Press Releases | Historical Literacy

Congressional Resolution Calling for Restoring America’s Historical Memory

Senators Lieberman and Gorton and Representative Petri unveil Concurrent Resolution Regarding the Importance and Value of United States History, Citing Recent Survey by ACTA
June 27, 2000

WASHINGTON, DC—As the country prepares to celebrate the Fourth of July, members of the Senate and House—flanked by eminent historians from across the country—met to unveil a joint resolution calling on all Americans to restore their historical memory.

Introduced by Sen. Joseph I. Lieberman (D-CT), Sen. Slade Gorton (R-WA), Rep. Thomas E. Petri (R-WI) and Rep. George Miller (D-CA), the Concurrent Resolution “expresses the sense of Congress regarding the importance and value of United States history” and calls on boards of trustees, college administrators and state officials to strengthen American history requirements.

Citing a recent survey by the American Council of Trustees and Alumni, Losing America’s Memory: Historical Illiteracy in the 21st Century, which found that 81% of seniors at top-rated colleges received a D or an F on a high school level American history questions, Lieberman stated that the “historical illiteracy of America’s college graduates is a serious national problem that should be addressed by the country’s higher education community.”

“Without a common civic memory and a common understanding of the remarkable individuals, events, and ideals that have shaped the nation,” said Lieberman, “we as a people risk losing much of what it means to be an American, as well as our ability to fulfill the fundamental responsibilities of citizens in a democracy.”

“We are introducing this resolution today to draw attention to the troubling historical illiteracy of our next generation of leaders,” said Petri. “As we prepare to celebrate the Fourth of July, it is particularly appropriate to emphasize our need to know U.S. history. Without that familiarity, we lack an understanding and appreciation of the democratic principles which define us and sustain us as a free people—namely, liberty, justice, tolerance, government by the consent of the governed, and equality under the law.”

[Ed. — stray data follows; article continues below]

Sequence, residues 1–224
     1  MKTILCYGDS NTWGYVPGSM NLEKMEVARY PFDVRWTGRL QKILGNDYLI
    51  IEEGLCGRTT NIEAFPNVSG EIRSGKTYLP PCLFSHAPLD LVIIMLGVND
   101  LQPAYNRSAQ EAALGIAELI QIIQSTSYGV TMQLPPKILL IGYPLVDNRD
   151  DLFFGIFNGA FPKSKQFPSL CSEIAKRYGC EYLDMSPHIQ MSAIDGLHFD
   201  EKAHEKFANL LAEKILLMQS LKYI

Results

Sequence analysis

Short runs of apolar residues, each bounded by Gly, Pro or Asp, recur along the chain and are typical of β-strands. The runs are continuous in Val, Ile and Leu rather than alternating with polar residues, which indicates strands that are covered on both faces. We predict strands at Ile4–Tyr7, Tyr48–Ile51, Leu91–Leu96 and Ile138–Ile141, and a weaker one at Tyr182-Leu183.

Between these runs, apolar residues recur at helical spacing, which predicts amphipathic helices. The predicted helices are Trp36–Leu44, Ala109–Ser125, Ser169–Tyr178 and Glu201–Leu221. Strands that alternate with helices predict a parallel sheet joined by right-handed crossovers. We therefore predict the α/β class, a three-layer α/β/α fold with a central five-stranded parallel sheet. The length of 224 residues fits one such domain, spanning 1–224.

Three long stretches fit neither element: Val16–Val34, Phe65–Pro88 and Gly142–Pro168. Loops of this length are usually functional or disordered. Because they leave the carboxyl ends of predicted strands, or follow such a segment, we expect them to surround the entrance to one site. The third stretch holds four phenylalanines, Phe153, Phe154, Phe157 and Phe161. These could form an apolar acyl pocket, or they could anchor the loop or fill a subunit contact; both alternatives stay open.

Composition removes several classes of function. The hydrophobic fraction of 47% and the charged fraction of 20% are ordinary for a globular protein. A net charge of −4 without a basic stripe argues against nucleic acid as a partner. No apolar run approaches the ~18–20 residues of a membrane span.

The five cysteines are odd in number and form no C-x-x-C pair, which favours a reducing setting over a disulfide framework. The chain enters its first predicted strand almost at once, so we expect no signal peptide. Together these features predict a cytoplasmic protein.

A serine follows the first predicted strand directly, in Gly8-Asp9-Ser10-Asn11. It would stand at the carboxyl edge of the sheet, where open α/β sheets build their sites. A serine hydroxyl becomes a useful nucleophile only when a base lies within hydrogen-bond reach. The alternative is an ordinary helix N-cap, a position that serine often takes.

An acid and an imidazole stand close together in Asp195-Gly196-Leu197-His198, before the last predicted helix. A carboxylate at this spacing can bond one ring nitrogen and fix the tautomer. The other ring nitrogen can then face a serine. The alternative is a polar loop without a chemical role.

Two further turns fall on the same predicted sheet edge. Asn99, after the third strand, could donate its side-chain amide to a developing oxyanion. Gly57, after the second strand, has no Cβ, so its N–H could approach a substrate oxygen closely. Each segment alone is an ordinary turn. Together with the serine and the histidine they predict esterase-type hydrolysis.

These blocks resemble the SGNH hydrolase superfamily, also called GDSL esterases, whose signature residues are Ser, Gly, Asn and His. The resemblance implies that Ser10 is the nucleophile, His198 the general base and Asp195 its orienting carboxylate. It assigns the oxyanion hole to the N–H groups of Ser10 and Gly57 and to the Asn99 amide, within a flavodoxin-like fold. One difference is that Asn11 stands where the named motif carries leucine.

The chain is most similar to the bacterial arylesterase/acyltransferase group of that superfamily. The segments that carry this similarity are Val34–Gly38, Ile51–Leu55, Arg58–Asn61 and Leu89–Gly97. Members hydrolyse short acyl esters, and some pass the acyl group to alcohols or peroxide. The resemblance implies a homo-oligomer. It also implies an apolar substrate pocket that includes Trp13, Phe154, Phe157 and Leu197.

“This resolution comes at a most opportune time,” said Jerry L. Martin, president of the American Council of Trustees and Alumni and co-author of the ACTA report, Losing America’s Memory. “Confronted with the findings of ACTA’s report, boards of trustees across the county are beginning to take action. In recent months alone, the State University of New York, George Mason University and James Madison University have adopted American history requirements. Others are following suit and this Congressional action will surely provide added impetus to the movement to enhance standards and restore America’s memory,” said Martin.

Eminent scholars and historians from across the country also attended and emphasized the urgency of restoring America’s memory. “We Americans have a special need to understand our history, for our history is what makes us a nation and gives us our sense of nationality,” said Gordon Wood, professor of history at Brown University and board member of the National Council for History Education. “A people like us, made up of every conceivable race, ethnicity, and religion in the world, can never be a nation in the usual sense of the term,” said Wood. “Without some such sense of our history, the citizens of the United States can scarcely long exist as a united people.”

Also present were John Patrick Diggins, Distinguished Professor of History, The Graduate Center, City University of New York, James Rees, Director, George Washington’s Mount Vernon, Jeffrey Wallin, president, American Academy for Liberal Education, and Paul Reber, Executive Director, Decatur House, National Trust for Historic Preservation.

Statements supporting the effort were provided by:

  • David McCullough, historian
  • Lynne V. Cheney, former Chairman, National Endowment for the Humanities
  • Eugene Hickok, Secretary of Education, Commonwealth of Pennsylvania
  • Oscar Handlin, University Professor Emeritus, Harvard University
  • John Patrick Diggins, Distinguished Professor of History, The Graduate Center, City University of New York
  • Walter McDougall, Pulitzer-prize winning historian, University of Pennsylvania
  • Stephen Balch, President, National Association of Scholars
  • Michael C. Quinn, Executive Director, James Madison’s Montpelier
  • Theodore K. Rabb, chairman, National Council for History Education
  • Dr. Balint Vazsonyi, Director, Center for the American Founding
  • Candace de Russy, trustee, State University of New York
  • Thomas Egan, board chairman, State University of New York
  • James Rees, director, George Washington’s Mount Vernon
  • Marc Berley, president, Foundation for Academic Standards and Tradition

The American Council of Trustees and Alumni is as national nonprofit organization of alumni and trustees dedicated to academic excellence, freedom and accountability. It has members from more than 200 institutions of higher education from across the country.


Launched in 1995, we are the only organization that works with alumni, donors, trustees, and education leaders across the United States to support liberal arts education, uphold high academic standards, safeguard the free exchange of ideas on campus, and ensure that the next generation receives an intellectually rich, high-quality college education at an affordable price.

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